Wow, this is tough. I really like both of these episodes. If Silence in the Library were just about the Doctor fighting the Vashta Narada, I don’t think it would do as well, as as frightening as they are in concept, the reality of seeing them as lumbering skeletons is just not all that effective. However, Silence in the Library also introduces River Song to the series and is part of one of the best uses of her character. The episode also served as a bit of a trial run for the entire Moffat era of the show, hinting at the personality of the 11th Doctor well before we’d seen him on TV. It was almost like Moffat went back in time to write the episode. All of this are points in its favor, and even though I really loved the humor in The Caretaker and the tension in the relationships between the Doctor, Clara and Danny, the earlier story gets the win for me.
Winner: Davies (Silence in the Library)
51. Forest of the Dead vs. Kill the Moon
Another difficult match up! Kill the Moon has some of the series’ best ever character work, with an electrifying scene between the Doctor and Clara at the end. The story itself is complete nonsense, of course, but I still enjoyed it (and even came up with explanations for all its implausibilities–see here). But Forest of the Dead has got going for it everything that Silence in the Library did, but also adds to it the strange fictional world that Donna finds herself inside, River Song’s emotional death scene, and the absolutely brilliant conclusion.
Winner: Davies (Forest of the Dead)
52. Midnight vs. Mummy on the Orient Express
Well, this just isn’t fair. Mummy on the Orient Express is possibly the best episode of Peter Capaldi’s debut year on the show. It’s scary, it’s gripping, it’s original, and serves as a turning point in our view of the 12th Doctor. But Midnight…well, Midnight is Midnight: the very best script that Russell T. Davies wrote for the show, and a contender for the revival series best episode ever. It put David Tennant’s Doctor into the most challenging one we’ve seen: one in which all of his normal mechanisms for dealing with his enemies only work against him. It’s a powerful, terrifying, claustrophobic tale, and there are few episodes that would have the ability to best it.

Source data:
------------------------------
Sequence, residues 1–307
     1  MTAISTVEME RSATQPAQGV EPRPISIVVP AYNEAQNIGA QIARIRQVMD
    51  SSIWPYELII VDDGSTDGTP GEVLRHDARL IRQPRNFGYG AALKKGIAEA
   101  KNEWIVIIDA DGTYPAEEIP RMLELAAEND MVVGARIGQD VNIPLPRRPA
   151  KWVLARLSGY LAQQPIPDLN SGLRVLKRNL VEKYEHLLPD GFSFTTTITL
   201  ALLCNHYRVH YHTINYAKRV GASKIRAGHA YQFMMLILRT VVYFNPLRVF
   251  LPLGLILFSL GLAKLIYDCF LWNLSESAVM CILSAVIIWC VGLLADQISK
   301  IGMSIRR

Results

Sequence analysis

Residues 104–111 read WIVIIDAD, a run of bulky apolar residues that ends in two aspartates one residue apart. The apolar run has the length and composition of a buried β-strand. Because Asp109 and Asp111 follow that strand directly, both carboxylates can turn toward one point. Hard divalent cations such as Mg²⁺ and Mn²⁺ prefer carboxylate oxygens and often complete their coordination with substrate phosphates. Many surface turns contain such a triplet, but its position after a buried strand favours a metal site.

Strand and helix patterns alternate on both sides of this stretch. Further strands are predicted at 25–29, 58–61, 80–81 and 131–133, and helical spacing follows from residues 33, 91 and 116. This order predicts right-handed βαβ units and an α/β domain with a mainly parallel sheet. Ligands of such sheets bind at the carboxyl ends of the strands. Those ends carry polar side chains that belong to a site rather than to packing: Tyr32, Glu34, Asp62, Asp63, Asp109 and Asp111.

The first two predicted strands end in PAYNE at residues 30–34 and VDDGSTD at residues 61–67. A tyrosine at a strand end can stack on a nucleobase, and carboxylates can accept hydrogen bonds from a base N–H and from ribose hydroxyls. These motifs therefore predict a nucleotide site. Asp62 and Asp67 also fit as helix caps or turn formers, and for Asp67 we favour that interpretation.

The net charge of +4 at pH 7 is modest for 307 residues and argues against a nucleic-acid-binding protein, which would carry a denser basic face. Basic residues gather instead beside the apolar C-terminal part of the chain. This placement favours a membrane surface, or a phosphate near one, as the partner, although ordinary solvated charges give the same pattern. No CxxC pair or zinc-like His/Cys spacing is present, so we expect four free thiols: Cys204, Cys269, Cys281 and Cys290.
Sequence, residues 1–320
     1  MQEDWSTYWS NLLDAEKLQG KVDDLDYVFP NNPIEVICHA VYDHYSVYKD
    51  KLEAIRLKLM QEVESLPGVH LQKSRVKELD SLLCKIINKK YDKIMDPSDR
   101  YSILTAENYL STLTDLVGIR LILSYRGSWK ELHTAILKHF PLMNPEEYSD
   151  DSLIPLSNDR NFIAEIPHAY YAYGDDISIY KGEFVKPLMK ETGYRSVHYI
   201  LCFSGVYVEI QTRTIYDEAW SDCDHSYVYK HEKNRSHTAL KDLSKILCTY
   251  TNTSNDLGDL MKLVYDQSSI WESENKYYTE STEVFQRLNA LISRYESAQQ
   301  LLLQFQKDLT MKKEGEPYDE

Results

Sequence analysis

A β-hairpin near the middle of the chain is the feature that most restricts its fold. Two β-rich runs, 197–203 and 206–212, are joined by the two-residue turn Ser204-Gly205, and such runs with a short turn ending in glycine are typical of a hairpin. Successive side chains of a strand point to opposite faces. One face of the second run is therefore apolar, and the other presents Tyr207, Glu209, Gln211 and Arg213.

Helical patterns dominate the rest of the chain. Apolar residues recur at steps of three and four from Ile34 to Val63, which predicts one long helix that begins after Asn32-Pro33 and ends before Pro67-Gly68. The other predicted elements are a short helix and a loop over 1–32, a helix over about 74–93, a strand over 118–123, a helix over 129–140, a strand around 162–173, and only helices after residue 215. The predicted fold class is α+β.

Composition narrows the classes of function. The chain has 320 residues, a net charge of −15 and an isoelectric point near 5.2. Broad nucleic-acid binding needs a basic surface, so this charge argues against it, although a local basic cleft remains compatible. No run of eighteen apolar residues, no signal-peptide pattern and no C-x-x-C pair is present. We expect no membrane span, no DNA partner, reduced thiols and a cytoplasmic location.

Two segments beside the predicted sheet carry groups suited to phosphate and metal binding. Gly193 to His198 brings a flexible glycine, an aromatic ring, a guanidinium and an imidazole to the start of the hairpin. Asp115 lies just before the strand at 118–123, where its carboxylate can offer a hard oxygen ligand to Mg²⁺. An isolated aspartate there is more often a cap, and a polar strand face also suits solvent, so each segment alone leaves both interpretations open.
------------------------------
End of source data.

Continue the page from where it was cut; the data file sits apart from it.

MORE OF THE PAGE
Winner: Davies (Midnight)
53. Turn Left vs. Flatline
Turn Left is supposed to be great, and it is enjoyable with it’s trip through alternate versions of many of the series memorable moments. But it had too many flaws for me to fully enjoy, especially the complete lack of sense surrounding for Rose’s presence. Flatline is one of Season 8’s best episodes, bringing in a new and wholly original monster that are a lot of fun, and solidifying Clara as one of the series’ best companions.
54. The Stolen Earth vs. In the Forest of the Night
And in contrast to the last few entries, In the Forest of the Night is one of the worst episodes of Season 8. There’s a cheap feeling to the production, and it’s all awkwardly staged and edited. The Stolen Earth has a bit of a feeling that it’s just building up to the good stuff, but is still an enjoyable adventure with a very good series of cliffhangers, including the Doctor being shot and apparently regenerating.
Winner: Davies (The Stolen Earth)
55. Journey’s End vs. Dark Water
This is another tough one. Dark Waters is quite a solid story with some creepy moments and the somewhat shocking reveal of Missy’s secret identity. It is a rock solid production full of high emotions, which is only let down by the episode’s follow-up. Journey’s End is the epic conclusion to its season, and in some ways feel like conclusion of the entire Russell Davies era (even though it wasn’t it his last episode). It’s not as airtight as Dark Water, but it’s hard to look past it for its conclusion of Rose’s story, it’s conclusion of Donna’s story, and its inclusion of everyone else – Martha, Mickey, Sarah Jane, Jackie, etc.
Winner: Davies (Journey’s End)
56. The Next Doctor vs. Death in Heaven
Death in Heaven wasn’t bad, and it concluded in Season 8 in fairly epic manner, but it also had some dopey stuff in it. The Next Doctor was a good bittersweet character story that made decent use of the Cybermen and included the revival’s first use of actual flashbacks to the classic series. I enjoy both episodes, but I think I prefer the David Tennant Christmas special, now that the novelty of Missy’s character is behind us.